Alice Cicolini: Memphis Blues
With an appetite for the postmodern design of the Memphis Group, designer Alice Cicolini is here to prove that colour and pioneering craft have as much of a role to play in the jewellery worldRead more
Alice Cicolini knows colour. Her vibrant stones and coils of enamel carry a wealth of influences, an “eclectic mix of mid-century British ceramic, ancient Indian miniatures, textiles and jewellery, Art Deco, Bauhaus, Arts & Crafts”. And yet, it is Ettore Sottsass’ Memphis Group, “his totemic, colourful and geometric forms” and the principles that underpin it, that have become a constant presence in her life, in her craft, and in her way around a palette.
“Colour is a really important part of my life and always has been”, Cicolini says. “It is this love of the finer subtleties of colour that drew me towards Memphis. Having deeper knowledge of the Memphis philosophy encouraged me to make bold, instinctive choices, rather than take a more conservative approach for fear of longevity.” Itself a fleeting movement, Memphis’ lasting impact is fed by rooted influences that drove famed Italian designer Sottsass, and now Cicolini herself, notably in her lacquered Memphis collection: “The Candy Band was first inspired by Venetian gondola poles, but Ettore Sottsass spoke to me on so many levels – from his approach to design, his love and exploration of India and his passionate belief that colour had an important place in the home – which gave me courage to argue it also has an important place on the body.”
This fearlessness has filtered into Cicolini’s design and her understanding of how to survive the trials of her industry, describing Memphis as “a high-water mark in bravery, of its founder and designers, as well as in the taste and bravery of their consumer. It requires the support of well-informed customers to create the space for these confident visions to emerge and thrive”. But this doesn’t mean taking herself too seriously, and she credits the movement’s free-spiritedness for her will to “invest my work with soul, with poetry, but also with humour, not to be afraid to bring intellect and joy to the pieces that I design”.
Of course, jewellery and furniture have stark differences, not only in scale and material. But their similarities grow from a mutual ability to turn abstract ideas into functional or wearable forms. “Sottsass writing about his Ceramics of Darkness series is a powerful testament of the potential for creative practice to reflect some of a practitioner’s most profound thoughts about the nature of life and death,” Cicolini notes. “We tend to think of design as a commercial practice, but in his hands, it is taken back into the realm of artistic expression.”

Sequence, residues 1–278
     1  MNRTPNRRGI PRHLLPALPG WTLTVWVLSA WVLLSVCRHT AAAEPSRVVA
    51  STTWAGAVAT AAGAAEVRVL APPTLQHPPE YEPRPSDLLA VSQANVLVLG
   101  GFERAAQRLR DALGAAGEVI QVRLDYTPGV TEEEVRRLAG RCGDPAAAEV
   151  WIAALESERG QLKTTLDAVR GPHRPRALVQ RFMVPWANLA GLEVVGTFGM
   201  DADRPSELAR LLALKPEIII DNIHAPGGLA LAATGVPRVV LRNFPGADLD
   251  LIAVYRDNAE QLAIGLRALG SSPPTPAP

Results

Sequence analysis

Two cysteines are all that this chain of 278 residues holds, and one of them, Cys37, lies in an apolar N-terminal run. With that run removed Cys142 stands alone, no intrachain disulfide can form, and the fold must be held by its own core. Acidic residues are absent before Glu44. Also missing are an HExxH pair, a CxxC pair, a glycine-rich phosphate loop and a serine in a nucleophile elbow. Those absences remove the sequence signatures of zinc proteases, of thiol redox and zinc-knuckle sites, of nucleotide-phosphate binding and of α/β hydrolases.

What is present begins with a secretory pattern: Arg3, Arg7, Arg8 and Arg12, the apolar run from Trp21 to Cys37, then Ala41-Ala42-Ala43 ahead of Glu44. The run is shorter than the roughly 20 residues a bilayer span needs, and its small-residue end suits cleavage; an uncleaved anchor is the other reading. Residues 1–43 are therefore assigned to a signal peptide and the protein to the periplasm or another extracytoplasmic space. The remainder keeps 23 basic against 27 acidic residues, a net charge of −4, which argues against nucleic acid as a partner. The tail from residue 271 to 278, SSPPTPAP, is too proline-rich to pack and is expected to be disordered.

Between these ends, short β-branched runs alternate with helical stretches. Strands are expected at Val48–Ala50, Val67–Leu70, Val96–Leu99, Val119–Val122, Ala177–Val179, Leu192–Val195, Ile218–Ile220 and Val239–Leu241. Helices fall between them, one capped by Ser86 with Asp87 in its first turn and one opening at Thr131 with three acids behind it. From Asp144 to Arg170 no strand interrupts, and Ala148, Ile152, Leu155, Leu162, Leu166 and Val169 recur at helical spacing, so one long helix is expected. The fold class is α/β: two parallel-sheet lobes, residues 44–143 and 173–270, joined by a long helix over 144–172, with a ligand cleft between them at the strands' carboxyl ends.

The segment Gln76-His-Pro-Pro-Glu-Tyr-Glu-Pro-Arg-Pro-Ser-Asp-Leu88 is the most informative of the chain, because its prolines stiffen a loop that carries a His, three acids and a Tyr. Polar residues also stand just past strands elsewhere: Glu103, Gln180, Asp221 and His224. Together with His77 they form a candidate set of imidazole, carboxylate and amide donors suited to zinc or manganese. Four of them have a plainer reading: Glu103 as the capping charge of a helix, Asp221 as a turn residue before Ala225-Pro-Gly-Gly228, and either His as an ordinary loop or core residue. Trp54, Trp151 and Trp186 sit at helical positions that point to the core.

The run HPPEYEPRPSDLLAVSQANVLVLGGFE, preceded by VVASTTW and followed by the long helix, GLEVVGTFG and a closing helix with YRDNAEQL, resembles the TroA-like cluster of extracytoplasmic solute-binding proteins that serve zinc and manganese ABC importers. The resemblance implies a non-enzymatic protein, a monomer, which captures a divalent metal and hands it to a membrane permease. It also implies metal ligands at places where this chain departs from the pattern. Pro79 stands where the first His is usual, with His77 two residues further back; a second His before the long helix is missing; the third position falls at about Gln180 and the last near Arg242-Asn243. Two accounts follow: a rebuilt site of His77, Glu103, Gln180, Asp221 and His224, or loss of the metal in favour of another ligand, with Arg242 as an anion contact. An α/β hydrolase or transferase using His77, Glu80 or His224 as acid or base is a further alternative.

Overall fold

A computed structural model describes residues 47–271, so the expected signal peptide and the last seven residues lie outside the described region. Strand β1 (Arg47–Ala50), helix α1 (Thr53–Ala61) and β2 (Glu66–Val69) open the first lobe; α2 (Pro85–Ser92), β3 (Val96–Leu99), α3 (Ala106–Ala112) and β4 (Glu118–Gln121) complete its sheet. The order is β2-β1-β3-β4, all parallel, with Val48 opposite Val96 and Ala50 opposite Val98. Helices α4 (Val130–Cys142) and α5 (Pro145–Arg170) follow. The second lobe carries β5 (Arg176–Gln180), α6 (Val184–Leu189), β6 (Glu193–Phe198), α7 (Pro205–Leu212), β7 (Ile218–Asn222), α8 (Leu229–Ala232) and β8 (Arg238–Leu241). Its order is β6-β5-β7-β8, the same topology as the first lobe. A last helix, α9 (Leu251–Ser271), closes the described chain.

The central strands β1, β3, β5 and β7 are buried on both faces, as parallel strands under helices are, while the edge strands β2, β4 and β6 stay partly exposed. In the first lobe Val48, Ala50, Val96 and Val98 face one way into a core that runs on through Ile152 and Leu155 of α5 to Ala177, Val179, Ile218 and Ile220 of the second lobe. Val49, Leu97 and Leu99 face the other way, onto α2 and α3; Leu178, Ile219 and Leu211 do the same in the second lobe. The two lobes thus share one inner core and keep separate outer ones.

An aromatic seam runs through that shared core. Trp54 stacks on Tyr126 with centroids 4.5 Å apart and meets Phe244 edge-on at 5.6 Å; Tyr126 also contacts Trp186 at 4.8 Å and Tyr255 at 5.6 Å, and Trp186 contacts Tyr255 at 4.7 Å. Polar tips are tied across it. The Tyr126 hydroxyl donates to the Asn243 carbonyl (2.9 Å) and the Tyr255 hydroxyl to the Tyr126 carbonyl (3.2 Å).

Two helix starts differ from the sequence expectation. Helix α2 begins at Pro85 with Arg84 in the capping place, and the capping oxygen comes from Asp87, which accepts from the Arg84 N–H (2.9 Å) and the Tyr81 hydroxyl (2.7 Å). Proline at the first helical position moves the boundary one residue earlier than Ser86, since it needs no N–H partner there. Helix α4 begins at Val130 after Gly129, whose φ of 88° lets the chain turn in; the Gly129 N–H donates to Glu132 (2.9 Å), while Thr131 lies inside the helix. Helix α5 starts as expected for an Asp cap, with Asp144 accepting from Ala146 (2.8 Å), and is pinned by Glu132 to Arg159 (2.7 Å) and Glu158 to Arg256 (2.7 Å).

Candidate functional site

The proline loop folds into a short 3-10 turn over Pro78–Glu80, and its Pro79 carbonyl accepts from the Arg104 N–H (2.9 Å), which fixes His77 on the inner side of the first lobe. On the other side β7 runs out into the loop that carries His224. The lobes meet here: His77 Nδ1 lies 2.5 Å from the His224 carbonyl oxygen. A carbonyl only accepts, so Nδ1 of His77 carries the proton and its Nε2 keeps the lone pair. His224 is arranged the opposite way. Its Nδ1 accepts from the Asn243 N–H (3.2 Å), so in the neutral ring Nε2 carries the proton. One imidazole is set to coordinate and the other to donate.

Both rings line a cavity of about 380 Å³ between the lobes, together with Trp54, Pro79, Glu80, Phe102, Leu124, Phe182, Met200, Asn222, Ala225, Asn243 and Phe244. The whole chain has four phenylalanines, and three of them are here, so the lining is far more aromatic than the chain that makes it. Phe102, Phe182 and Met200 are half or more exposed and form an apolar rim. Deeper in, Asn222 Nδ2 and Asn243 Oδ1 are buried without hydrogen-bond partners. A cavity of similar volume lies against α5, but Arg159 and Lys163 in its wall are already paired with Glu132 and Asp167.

In her connection to designers past and deep passion for the craft that sustains her, Cicolini finds her glue: “What I hoped to do was to remind customers that the craftsmanship and design in the jewel was of as high if not higher value – economically but also culturally – than its component parts.” She describes the treasure found in her own team of collaborators as the answer to the obstacles she encounters. “The challenge is always not to give up on an idea because it hasn’t been done and people tell you it can’t be,” she shares. “Then to find the master craftsman who is prepared to push their expertise and practice into new territories.” Perhaps it is this, and her boundless approach to translating art world inspiration into jewellery that has her own longevity secured.
Cicolini’s Art Secrets
- Too many artists inspire me to have a favourite, but I love Art Deco, Bauhaus, Arts & Crafts, as well as Memphis of course.
- The Museum Rietberg in Zurich is a hugely inspiring place for me, built on the private collection of Eduard von der Heydt, objects from Asia, Africa, the Americas, and Oceania. Most inspiring for me is the Archive room: it places objects from different cultures and centuries together, where the only unifying quality is their material. In doing so, the Museum has revealed the extraordinary way in which ideas, motifs and forms are a shared language across these vast geographies.